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Custom election confusion in Colville Lake as chief and council elected

Past Chief Wilbert Kochon speak sat a memorial for those found at former residential school sites. Meaghan Brackenbury/Cabin Radio

Richard Kochon has been elected as the new chief of the Behdzi Ahda First Nation (BAFN) in Colville Lake, defeating his brother and two-term incumbent Wilbert Kochon.

Richard was Chief for over 20 years before being defeated by Wilbert in the First Nation’s 2016 election.

Richard said his community has seen many losses in recent years, including the passing of Elder Gabriel Kochon last year. His priority as chief is to help his community heal.

He imagines developing further on-the-land opportunities to support the healing process, but said he will be consulting the community about what it needs.



Richard said the community was hit hard by Covid-19. In August 2021, more than a third of Colville Lake had contracted the virus.

“We weren’t really prepared,” he said. “We have to be prepared next time for that kind of emergency, and work together more to help one another.”

Elected councillors are Roland Codzi, Charles Gully, Theresa Kakfwi and Natanda Oudzi.

Custom election confusion

This was the second time BAFN used its custom election code, implemented in 2017.



The new election system created four new Got’ine councillor positions, David Codzi, the town’s acting senior administrative officer, told Cabin Radio.

Codzi explained that Got’ine is the word used to refer to a family, or clan. Four Goti’nes came together to form Colville Lake.

According to Codzi, the old band election system privileged the largest clan in Colville Lake. For many years, this clan dominated seats on the band council and other Got’ines did not succeed at securing equal representation.

The new custom election code was designed to ensure each clan got a seat at the table.

Codzi said there is still confusion around how nominations and voting for these four new councillor positions actually works.

Part of the problem, he said, was the list of candidates running for election was still changing the day before the election was scheduled.

“The list should have been stabilized sooner,” Codzi noted.

Since Tuesday, Codzi said he’s heard a few people are considering appealing the election because of lack of clarity around nominations and voting procedure.



Outgoing Chief Wilbert Kochon said he has also heard from some community members suggesting he appeal the election, but he plans to wait until he returns home from this week’s AFN meetings in Vancouver before making a decision.

Self-government imminent

Wilbert said either way, the elected Chief and council will only serve a temporary term until the First Nation’s Dehlà Got’įne self-government agreement comes into effect.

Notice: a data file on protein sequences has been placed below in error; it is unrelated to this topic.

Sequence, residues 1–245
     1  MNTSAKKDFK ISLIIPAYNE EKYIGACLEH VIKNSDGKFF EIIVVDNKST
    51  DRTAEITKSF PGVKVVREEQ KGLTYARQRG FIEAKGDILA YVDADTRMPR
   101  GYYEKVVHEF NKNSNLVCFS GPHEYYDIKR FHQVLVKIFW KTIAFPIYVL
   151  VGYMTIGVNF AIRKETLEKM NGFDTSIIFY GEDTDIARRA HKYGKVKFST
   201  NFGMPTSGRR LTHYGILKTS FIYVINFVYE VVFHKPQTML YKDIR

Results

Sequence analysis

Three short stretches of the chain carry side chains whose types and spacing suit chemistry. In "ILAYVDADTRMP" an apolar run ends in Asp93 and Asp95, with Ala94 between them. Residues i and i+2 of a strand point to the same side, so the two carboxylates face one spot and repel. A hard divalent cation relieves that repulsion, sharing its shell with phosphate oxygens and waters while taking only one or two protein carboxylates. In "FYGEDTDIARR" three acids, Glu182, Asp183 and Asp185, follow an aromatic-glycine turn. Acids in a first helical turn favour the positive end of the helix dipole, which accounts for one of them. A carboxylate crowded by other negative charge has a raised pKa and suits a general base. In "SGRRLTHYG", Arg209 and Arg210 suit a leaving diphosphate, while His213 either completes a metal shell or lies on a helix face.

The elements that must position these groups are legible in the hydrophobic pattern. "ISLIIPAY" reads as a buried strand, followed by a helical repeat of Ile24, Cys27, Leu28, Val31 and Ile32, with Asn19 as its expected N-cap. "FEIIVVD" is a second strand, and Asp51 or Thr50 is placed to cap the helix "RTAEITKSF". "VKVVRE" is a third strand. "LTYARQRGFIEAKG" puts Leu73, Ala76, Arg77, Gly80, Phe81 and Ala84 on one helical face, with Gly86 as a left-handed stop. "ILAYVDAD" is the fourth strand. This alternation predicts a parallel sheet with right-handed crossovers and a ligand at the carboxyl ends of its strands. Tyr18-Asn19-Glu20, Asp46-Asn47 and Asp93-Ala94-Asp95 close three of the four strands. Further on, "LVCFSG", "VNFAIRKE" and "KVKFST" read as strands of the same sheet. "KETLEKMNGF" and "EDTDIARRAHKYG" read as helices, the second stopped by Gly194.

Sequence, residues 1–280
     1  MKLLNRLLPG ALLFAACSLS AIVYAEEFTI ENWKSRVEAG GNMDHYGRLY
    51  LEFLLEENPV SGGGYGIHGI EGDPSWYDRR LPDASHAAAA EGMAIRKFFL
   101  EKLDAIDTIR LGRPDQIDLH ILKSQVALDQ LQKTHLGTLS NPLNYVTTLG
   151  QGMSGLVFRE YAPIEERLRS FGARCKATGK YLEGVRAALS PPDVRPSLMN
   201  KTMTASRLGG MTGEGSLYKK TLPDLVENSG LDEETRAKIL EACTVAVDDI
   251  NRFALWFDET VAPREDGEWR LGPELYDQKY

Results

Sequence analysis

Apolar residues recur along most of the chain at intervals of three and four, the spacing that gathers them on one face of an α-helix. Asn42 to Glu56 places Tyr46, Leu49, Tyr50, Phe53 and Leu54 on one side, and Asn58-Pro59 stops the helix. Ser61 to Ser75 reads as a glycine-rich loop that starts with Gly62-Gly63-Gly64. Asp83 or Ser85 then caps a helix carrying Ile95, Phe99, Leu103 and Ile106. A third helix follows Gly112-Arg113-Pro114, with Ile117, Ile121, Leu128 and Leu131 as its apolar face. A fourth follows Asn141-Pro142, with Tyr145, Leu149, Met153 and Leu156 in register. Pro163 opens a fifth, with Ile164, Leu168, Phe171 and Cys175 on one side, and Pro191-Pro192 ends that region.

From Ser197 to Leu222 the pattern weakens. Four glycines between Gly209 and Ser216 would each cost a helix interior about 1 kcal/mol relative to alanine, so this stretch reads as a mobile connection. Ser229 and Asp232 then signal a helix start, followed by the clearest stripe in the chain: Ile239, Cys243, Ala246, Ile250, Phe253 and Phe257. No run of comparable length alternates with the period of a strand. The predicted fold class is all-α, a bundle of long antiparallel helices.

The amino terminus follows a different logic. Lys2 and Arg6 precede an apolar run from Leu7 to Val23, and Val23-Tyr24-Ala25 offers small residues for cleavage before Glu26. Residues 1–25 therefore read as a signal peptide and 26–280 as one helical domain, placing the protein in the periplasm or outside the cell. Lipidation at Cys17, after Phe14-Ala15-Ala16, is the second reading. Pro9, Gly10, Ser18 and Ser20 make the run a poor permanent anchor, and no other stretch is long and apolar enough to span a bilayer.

While this new government was originally expected for 2021, pandemic-related delays pushed this date back to 2024, which will be 10 years after the negotiations for self-government began.

Codzi said the newly elected council will have to decide whether it’s going to use the same election code or try to design a new, less confusing system, which would need to approved once again by the membership.

Wilbert said clarifying the election process is urgent.

“We have to fix it now so we can include it into our self-government,” said Wilbert. “If we don’t fix it, it will happen again and be more troublesome.”

Outgoing Chief Wilbert Kochon belives lack of trust contributed to election loss

The outgoing chief received 28 votes, losing to Richard by 17 votes.

He was attending the Assembly of First Nation’s (AFN) annual general meeting in Vancouver in his position as Grand Chief of Sahtu Dene Council at the time of the election.



For this reason, he said he did not have time to campaign.

He said he thinks members of the First Nation may have lost trust in his leadership because he was often busy with other positions he also held and did not report back to members on what he was working on.

He believes this lack of trust may have been partly responsible for his loss in this election.

Wilbert still pointed to several accomplishments he felt proud to have lead during his time as chief, including the advancement of self-government negotiations, soon-to-arrive funding for housing, and the design and construction of a new school.

“That’s going to be ours and that’s the one thing I’m really proud of is designing the school and then working with engineers to build it the way we want to build,” Wilbert said.

Trudy Kochon, Wilbert and Richard’s sister, also ran for chief, receiving 16 votes.